Tell us a bit about yourself and your company Garphill
I’ve been designing games for around 11 years. Originally it started out as just a hobby. It wasn’t until Kickstarter became available in New Zealand in late 2013 that I was able to reach a greater market and lift the quality of my games.
Your first game, Shipwrights of the north sea was on KS back in 2014. What did you do to build up a following before the launch?
I got really lucky. For some reason, on the day I uploaded the first image of the Shipwrights player board to BGG, all other images disappeared from the front page. So there, all on its lonesome, was my picture for all to see. So that got a lot of attention leading into the Kickstarter. Shipwrights was also the first game with art from the now renowned, Mihajlo Dimitrievski (The Mico). That was another huge reason for the Kickstarter’s success.
How did the campaign go?
In my eyes, it was a huge success. I wasn’t expecting to sell more than 500 copies. This lead to me playing catch-up throughout most the campaign. Trying to create stretch goals on the fly and figure out how I was going to send 1300+ games around the world.
What was the biggest thing you learned from your fist campaign?
Shipping is expensive! I actually lost a lot of money in the end.
Those games were older ones that I had previously only released in New Zealand. I had a few people requesting that I reprint them for a wider audience. The campaign didn’t fund, so I guess the demand wasn’t as high as I may have expected. They are both simple card games. Nothing overly groundbreaking from a gameplay point of view.They just weren’t the right fit for a Kickstarter release.
You have since then released other North sea games. How have you continued to work with your followers throughout the game series?
I always listen to what players are saying. Raiders, The Townsfolk Expansion and Runesaga were all designed based on what players were asking for.
Why do you think The North sea series was such a hit?
There’s a few key factors. Firstly, the art is amazing. Gritty, but still comical and fun. The games are also very accessible. I like to design games that don’t take long to teach, but hide a lot of depth within what seem like simple actions. The last reason is the trilogy-factor. As hobby gamers, we are often also avid collectors. So when someone discovers the third game in a series, they’re usually quick to research the older games.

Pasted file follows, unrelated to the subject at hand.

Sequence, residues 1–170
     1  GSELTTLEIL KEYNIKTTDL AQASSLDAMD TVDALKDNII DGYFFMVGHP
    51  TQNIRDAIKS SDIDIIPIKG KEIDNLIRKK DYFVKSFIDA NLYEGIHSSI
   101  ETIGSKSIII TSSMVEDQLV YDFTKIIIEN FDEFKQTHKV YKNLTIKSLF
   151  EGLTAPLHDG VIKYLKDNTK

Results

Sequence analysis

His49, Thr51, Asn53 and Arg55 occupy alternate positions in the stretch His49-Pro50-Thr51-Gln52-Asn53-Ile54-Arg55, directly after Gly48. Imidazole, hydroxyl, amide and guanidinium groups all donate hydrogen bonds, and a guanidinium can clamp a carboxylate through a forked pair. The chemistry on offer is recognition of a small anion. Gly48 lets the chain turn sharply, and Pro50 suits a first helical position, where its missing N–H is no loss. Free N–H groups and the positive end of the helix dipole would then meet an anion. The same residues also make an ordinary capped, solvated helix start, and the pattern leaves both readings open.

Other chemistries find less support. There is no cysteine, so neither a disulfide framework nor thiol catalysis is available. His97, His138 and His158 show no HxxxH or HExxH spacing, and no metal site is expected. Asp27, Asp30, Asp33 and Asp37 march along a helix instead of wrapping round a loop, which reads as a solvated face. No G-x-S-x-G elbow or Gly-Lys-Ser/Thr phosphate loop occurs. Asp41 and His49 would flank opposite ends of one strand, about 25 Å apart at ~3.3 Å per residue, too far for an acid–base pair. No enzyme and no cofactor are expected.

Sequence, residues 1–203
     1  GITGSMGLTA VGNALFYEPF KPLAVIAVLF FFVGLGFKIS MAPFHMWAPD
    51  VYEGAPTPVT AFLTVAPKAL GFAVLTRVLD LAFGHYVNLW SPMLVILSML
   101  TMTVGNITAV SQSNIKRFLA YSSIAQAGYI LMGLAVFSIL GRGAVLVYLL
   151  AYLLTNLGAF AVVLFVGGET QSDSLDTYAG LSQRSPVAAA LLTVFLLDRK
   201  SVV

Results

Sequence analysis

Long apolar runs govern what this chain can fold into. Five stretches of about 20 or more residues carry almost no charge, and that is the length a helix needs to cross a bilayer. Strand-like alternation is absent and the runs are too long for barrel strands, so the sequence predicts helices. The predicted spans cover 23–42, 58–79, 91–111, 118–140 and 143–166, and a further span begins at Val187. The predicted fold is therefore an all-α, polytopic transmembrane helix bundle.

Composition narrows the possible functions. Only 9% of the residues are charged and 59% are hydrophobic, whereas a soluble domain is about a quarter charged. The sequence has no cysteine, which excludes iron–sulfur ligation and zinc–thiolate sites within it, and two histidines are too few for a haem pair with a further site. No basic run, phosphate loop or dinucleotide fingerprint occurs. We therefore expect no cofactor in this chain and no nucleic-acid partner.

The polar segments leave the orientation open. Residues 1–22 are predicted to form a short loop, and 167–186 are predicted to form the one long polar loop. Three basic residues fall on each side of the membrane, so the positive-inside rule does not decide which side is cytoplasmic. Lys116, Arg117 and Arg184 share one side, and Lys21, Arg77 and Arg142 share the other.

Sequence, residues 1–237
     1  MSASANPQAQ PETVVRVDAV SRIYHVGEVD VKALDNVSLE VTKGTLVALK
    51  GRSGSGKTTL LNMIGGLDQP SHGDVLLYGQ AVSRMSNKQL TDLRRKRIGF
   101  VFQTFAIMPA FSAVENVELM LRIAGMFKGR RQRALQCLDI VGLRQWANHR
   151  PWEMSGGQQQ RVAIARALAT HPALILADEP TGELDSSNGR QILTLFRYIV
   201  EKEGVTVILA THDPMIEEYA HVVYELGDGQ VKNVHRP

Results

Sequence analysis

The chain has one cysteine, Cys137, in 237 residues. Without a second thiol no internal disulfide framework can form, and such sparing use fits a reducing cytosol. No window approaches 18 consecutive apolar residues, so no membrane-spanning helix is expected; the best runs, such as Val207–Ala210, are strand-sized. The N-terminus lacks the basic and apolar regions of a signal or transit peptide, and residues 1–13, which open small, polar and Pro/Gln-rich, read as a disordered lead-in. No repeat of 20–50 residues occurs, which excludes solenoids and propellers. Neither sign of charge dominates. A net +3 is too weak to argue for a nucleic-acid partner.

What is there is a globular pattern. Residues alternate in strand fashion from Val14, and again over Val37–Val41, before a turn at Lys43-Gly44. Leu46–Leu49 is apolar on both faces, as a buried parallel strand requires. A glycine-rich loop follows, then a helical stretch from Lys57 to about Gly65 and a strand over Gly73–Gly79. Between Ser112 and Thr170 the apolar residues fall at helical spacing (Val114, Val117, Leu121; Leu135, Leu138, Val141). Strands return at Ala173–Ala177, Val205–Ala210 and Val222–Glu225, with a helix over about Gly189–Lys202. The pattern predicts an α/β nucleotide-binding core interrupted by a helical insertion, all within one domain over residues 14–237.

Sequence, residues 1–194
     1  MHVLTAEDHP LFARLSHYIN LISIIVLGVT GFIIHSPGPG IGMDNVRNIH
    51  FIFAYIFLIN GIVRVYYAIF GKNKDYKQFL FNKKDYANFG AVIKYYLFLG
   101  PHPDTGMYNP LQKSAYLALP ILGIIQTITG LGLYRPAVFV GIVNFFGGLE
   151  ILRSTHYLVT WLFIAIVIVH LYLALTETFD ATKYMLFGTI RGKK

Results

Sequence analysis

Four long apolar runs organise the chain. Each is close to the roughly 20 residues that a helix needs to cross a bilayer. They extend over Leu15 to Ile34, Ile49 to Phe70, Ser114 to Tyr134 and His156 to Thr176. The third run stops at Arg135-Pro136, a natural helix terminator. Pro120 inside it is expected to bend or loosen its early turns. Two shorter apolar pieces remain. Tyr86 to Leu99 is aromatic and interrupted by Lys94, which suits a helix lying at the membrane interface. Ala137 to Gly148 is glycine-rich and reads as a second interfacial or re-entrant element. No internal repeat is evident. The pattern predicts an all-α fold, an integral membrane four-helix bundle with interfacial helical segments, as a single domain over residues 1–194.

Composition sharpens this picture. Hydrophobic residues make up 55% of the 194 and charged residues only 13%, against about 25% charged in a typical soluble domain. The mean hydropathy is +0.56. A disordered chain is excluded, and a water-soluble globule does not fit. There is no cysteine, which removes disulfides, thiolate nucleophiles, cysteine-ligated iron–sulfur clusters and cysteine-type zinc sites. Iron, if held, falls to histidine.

What did you do to market your current game, Architects of the west kingdom?
It’s really just riding on the success of the North Sea trilogy. For early marketing, I often used the phase “A new saga begins…”. I was very intentional to let players know that this will be a new trilogy.
What is your main tip to handle the mid-campaign drop of new backers?
Keep engaged with your backers. Reveal content they haven’t seen yet – card art, for example. We also ran livestream playthroughs every 3-4 days. This was a huge success. It kept backers engaged and gave us something to talk about in updates.
What’s the best kickstarter advice you ever received?
As a content creator, stay humble and transparent.
What ́s your thoughts regarding stretch goals?
Personally, I think the age of stretch goals is coming to an end. At least for non-mini based games from established publishers. They are great for first time publishers, as you have no idea of the response you will get. They’re also great for companies like CMON, as they actually need the extra funds to cover the extremely high tooling costs. Non-mini games don’t need $10,000 to add two more cards. They will literally cost nothing extra to add into the game. To me, these are just fake stretch goals. I’ve done them in the past – most campaigns do them. But I think most backers now see them for what they are. To explain my reasoning more, I knew that Architects would race past $250k NZD, based on previous campaigns. I could have set the funding goal at $50k and added stretch goals every $10k. Instead, I decided to just back myself and have all planned stretch goals included from day one. This of course would lead to backers saying “Why shouldn’t I just wait to get it in retail?” It was anticipating that question that lead me to the idea of including a bunch of free promos with every copy of Architects purchased through Kickstarter. However, these aren’t exclusive. Customers should be able to find them at conventions, or for sale online. The benefit of backing through Kickstarter, is you get them all for free.
What do you think is the most important element of a Kickstarter page?
There are a lot of important elements. One that I feel gets missed a lot, is a full image displaying what the game will look like on the table.
Do you have any role models in the board gaming industry?
Where can people reach you?
Be sure to check out Shem´s latest Kickstarter campaign for his new game here!